The remaining task is to determine the spin form factor at renormalized point , as a holomorphic function of . This is along the line of the collinear factorization approach (dual parametrization) to the modeling of GPD[24]. Derivation of from the first principle is an impossible task in perturbative QCD, because of the non-perturbative origin of the form factor, and this is also hard in lattice simulation, because there is practically no way of finding analytic continuation of integer spin matrix elements into complex . An alternative is to use predictions from the gauge/string duality, and a crude way is to use the prediction of the hard wall model derived in §3.1 as it is. Indeed, as we saw, the hard wall model can explain decreasing slope parameter of DVCS for large , observed in HERA [20]. It is also possible to use more realistic gravity dual models for similar calculation, where at least we might want to require the model to have asymptotic free running for certain energy range (as in [25]) still with large ’t Hooft coupling.

If one wants to consider a gravity dual model that is truly dual to
the real world QCD (if there is any),
then it should run into a problem in its UV region
of the geometry because of large curvature.
This problem of gravitational description, however, may be alleviated
by borrowing the understanding of perturbative QCD.
Such strategy may not be totally nonsense.
We saw that
the singularities of the form factor in the -plane are important in
determining GPD,
and gravity dual with asymptotic free running suggests that
the singularities are infinitely many poles^{12}^{12}12
These poles correspond to trajectories of Kaluza-Klein modes
in radial direction of a single graviton trajectory in 10 dimensions
(or on ).
On top of this tower structure, there is yet another
tower structure of trajectories associated with the daughter trajectories
of stringy excitations on 10 dimensions.
[3].
The BFKL theory in perturbative QCD with a running coupling effect
also suggests infinitely many poles in the -plane [26].
Now, let us examine how sensitive the position of the poles
predicted from gravity
dual are to
the unreliable large curvature geometry in the UV region.
In gravitational descriptions,
each Pomeron pole has its wavefunction on the holographic coordinate,
and the Pomeron wavefunction becomes localized more and more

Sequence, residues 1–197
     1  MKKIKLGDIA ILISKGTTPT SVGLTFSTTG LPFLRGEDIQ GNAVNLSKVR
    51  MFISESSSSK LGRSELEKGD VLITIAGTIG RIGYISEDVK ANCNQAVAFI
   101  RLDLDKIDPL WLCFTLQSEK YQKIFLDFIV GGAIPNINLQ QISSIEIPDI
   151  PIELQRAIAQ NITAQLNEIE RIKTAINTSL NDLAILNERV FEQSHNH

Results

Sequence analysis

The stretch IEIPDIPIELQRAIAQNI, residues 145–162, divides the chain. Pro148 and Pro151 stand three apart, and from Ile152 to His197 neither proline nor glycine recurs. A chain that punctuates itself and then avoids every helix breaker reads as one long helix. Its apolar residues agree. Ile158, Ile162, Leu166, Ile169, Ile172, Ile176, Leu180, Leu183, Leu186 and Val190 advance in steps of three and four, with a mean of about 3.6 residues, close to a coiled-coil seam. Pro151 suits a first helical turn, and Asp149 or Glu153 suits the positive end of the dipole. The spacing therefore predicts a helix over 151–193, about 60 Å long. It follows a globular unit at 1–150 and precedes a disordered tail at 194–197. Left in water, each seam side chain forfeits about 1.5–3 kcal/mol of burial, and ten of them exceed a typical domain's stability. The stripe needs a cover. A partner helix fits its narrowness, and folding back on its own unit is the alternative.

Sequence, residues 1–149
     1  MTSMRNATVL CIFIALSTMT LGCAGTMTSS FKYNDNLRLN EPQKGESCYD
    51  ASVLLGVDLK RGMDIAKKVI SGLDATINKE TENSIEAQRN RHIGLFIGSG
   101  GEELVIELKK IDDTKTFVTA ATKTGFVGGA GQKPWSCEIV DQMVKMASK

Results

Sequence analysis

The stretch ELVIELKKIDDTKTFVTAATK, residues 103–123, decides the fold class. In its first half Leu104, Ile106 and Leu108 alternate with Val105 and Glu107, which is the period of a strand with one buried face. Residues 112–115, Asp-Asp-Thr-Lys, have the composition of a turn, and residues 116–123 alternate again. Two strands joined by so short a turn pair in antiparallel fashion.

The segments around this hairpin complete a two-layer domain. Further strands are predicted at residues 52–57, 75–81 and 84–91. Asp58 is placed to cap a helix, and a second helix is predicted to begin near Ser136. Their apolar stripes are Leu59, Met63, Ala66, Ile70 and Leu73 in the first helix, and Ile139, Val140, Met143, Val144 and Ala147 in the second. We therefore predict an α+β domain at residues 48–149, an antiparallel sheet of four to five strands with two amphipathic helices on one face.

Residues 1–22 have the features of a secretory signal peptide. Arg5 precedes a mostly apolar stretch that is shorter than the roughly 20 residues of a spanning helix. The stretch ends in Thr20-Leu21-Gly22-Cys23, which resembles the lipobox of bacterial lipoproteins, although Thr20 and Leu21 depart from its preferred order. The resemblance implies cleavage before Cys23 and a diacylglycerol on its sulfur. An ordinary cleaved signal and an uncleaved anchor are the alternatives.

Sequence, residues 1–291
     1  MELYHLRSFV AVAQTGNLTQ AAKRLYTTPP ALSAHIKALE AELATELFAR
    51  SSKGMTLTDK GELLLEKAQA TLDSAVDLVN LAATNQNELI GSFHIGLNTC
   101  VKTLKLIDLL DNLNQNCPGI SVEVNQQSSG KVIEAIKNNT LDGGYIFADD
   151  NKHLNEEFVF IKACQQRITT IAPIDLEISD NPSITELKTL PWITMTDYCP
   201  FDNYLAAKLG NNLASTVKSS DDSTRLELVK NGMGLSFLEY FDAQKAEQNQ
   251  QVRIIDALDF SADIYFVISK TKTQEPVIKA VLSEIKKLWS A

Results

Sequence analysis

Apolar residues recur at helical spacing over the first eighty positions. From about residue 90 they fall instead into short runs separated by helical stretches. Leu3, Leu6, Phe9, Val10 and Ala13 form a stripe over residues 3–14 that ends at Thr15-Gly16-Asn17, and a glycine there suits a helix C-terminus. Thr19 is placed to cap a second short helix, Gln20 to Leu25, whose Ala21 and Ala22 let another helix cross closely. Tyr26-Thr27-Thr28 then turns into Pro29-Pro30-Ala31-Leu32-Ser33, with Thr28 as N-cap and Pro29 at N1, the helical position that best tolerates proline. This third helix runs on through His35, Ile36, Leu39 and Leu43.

into the IR region of the holographic radius when of the pole
increases.
Therefore, the poles in large are determined
mainly by IR physics, and
position of poles predicted by gravity dual should be reliable,
while the poles in small are
quite sensitive to the unreliable geometry in the UV region.
As for such smaller poles, however,
the position of the poles predicted by the BFKL theory
(with asymptotically free running)
will be reliable.
Thus, by using both predictions from the gravity dual and the BFKL theory,
the poles in the -plane may be properly determined.

In order to determine GPD completely, not only the position of the poles but also complete profile of the spin form factor are required. The spin form factor is given by integrating Pomeron wavefunction and impact factor in gravity dual, and in fact, also in the BFKL theory; the integration is carried out over the holographic radius in gravity dual, whereas it is done over gluon transverse momentum in the BFKL theory. The similar structure in the factorization formula and the gravity dual scattering amplitude (6) has been pointed out, and identification of gluon transverse momentum in the BFKL theory with holographic radius in the gravity dual is suggested [27, 3]. Thus, one can retain the integration over the holographic radius in gravity dual in the IR (large ) region. The integration in the UV region may be replaced by that over coordinate in the BFKL theory; this large region is where perturbative QCD is reliable.

## Acknowledgments

Part of this work was carried out during long term programs “Branes, Strings and Black Holes” at YITP, 2009 (TW), “Strings at the LHC and in the Early Universe” at KITP, 2010 (TW), “High Energy Strong Interactions 2010” at YITP, 2010 (RN, TW) and also during a stay at Caltech theory group of TW. This work is supported by JSPS Research Fellowships for Young Scientists (RN), by WPI Initiative, MEXT, Japan (RN, TW) and National Science Foundation under Grant No. PHY05-51164 (TW).